What is the Use of External Ears?

The external ears, also known as the auricle or pinna, are the visible part of the ear that protrude from the side of the head. While the external ears are often considered a cosmetic feature, they serve several important functions related to hearing and balance. In this article, we will explore the anatomy and function of the external ears.

Anatomy of the External Ears

The external ears consist of several parts, including the helix, antihelix, tragus, antitragus, lobule, and concha. The helix is the outer rim of the ear, while the antihelix is the curved ridge of cartilage just inside the helix. The tragus is the small, triangular projection that extends over the ear canal, while the antitragus is the smaller projection opposite the tragus. The lobule is the soft, fleshy lower part of the ear, while the concha is the bowl-shaped depression at the center of the ear.

The external ear is covered in skin and is supported by a flexible cartilage framework. The skin of the external ear contains sebaceous and sweat glands, which help to keep the ear clean and moisturized. The external ear canal, which is the passageway from the outer ear to the eardrum, is also part of the external ear.

Function of the External Ears

The external ears serve several functions related to hearing and balance. The most obvious function of the external ears is to collect sound waves and funnel them into the ear canal. The shape of the external ear, particularly the concha and the folds of the helix and antihelix, help to amplify and direct sound waves toward the eardrum.

The external ears also play a role in localization, or the ability to determine the direction from which a sound is coming. This is accomplished through the use of binaural cues, which are differences in the arrival time, intensity, and spectral content of sounds at the two ears. The external ears help to enhance these binaural cues, which are important for spatial hearing.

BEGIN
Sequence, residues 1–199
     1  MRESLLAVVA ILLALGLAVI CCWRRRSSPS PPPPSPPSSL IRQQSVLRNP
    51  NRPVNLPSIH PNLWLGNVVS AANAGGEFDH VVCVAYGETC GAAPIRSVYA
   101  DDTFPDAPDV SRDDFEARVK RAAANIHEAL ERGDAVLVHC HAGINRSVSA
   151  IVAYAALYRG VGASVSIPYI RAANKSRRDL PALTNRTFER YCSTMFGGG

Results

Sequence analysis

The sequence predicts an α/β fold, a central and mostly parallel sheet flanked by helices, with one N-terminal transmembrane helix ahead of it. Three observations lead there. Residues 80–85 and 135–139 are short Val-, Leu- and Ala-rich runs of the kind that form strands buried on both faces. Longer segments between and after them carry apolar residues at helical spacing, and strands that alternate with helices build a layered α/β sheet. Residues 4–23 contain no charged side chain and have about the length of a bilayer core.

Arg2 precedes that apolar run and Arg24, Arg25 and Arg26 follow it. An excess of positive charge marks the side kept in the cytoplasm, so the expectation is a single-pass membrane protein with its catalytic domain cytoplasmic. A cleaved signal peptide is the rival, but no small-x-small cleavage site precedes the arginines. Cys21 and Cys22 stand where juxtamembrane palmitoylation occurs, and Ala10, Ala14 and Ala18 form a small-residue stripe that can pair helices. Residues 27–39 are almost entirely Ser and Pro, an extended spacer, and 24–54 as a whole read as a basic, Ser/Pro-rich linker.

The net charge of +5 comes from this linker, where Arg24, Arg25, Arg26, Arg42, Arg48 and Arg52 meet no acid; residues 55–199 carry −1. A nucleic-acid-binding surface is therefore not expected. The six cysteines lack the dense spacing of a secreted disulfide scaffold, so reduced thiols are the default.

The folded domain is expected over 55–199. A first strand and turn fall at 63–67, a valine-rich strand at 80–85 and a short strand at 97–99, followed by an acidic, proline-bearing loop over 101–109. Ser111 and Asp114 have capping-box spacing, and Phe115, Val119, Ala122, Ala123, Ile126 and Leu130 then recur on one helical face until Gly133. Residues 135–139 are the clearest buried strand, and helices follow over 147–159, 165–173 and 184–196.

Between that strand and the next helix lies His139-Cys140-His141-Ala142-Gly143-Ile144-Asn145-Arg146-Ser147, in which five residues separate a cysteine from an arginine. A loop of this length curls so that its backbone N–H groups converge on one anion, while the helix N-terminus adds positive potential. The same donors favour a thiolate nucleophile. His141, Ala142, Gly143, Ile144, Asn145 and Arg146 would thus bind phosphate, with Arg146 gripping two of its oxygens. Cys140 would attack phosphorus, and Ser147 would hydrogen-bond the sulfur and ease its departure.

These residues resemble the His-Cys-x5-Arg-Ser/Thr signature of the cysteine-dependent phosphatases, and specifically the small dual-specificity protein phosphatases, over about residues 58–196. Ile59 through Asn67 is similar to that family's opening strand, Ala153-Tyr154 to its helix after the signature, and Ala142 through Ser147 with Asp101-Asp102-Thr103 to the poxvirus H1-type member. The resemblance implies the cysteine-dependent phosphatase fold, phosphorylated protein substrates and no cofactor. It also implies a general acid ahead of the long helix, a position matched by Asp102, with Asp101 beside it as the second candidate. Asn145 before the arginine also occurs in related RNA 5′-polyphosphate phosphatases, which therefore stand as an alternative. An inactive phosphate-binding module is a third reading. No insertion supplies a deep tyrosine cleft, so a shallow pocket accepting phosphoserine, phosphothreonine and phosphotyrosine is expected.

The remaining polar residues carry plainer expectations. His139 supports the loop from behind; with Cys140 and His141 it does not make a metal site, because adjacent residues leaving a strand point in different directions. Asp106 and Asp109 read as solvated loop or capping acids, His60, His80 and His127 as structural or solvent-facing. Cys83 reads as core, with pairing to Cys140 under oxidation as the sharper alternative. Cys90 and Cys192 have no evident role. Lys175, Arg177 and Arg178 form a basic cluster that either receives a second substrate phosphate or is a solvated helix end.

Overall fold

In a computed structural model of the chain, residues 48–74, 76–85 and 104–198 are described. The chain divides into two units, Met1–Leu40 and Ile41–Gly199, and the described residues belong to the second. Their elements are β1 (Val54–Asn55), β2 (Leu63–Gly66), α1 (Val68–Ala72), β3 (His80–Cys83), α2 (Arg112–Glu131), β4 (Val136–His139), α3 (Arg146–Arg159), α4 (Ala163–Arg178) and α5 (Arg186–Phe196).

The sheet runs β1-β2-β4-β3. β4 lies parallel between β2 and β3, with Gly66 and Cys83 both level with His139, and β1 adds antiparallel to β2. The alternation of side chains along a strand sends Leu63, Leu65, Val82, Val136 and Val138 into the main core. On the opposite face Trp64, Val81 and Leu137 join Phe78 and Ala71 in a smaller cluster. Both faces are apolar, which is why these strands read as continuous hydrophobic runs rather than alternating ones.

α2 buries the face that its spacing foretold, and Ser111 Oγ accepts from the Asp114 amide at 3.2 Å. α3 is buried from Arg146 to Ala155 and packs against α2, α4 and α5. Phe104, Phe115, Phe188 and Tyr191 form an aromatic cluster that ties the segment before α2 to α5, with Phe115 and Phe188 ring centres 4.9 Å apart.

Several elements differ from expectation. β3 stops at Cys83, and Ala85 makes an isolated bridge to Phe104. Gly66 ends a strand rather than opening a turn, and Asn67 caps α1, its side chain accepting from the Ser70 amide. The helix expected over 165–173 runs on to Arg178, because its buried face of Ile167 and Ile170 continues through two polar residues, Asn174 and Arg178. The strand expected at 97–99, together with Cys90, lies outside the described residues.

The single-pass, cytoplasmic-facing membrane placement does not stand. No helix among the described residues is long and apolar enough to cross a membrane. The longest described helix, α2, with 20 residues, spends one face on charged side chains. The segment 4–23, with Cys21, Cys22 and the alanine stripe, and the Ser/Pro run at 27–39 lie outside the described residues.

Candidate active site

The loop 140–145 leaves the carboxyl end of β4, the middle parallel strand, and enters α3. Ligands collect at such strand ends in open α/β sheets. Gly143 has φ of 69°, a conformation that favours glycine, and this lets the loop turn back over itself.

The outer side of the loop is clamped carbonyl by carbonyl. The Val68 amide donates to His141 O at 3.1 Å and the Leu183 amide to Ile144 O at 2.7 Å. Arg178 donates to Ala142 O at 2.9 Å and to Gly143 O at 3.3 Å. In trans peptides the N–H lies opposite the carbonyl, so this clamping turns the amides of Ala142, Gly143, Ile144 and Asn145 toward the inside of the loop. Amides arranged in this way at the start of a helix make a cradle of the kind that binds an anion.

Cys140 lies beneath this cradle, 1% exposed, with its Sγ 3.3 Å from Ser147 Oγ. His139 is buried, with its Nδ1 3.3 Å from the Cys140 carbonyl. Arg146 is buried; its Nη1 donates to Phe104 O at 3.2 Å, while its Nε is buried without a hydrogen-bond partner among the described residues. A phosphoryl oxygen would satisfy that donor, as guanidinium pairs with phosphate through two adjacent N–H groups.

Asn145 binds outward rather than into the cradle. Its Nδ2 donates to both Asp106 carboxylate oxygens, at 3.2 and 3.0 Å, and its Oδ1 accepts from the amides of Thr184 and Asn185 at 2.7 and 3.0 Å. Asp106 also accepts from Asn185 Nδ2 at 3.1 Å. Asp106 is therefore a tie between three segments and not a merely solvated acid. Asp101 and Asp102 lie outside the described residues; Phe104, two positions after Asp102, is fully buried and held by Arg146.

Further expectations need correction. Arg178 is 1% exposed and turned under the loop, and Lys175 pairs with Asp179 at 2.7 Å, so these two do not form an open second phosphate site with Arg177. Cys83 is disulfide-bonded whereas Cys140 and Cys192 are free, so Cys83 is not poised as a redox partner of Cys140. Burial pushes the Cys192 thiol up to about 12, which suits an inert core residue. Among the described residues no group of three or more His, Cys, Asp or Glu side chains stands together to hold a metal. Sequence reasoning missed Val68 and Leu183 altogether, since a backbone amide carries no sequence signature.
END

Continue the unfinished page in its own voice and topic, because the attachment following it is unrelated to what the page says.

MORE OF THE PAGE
In addition to hearing, the external ears are also involved in balance. The semicircular canals, which are part of the inner ear, are responsible for detecting changes in head position and movement, which are important for maintaining balance. The external ears, particularly the semicircular canals, play a role in detecting these movements and sending signals to the brain to help maintain balance.

Disorders of the External Ears

Disorders of the external ears can affect hearing and balance. One common disorder of the external ear is otitis externa, which is an infection of the outer ear canal. This condition, also known as swimmer's ear, can cause pain, swelling, and discharge from the ear. It is often treated with topical antibiotics and ear drops.

Another disorder of the external ear is exostosis, which is the abnormal growth of bone in the ear canal. This condition, also known as surfer's ear, can be caused by exposure to cold water and wind. Exostosis can cause hearing loss and can be treated with surgical removal of the bone growth.


The external ears are an important part of the auditory system and play a crucial role in hearing and balance. The unique anatomy of the external ear helps to collect and amplify sound waves and enhance binaural cues for spatial hearing. Disorders of the external ear, such as otitis externa and exostosis, can affect hearing and balance and may require medical treatment.

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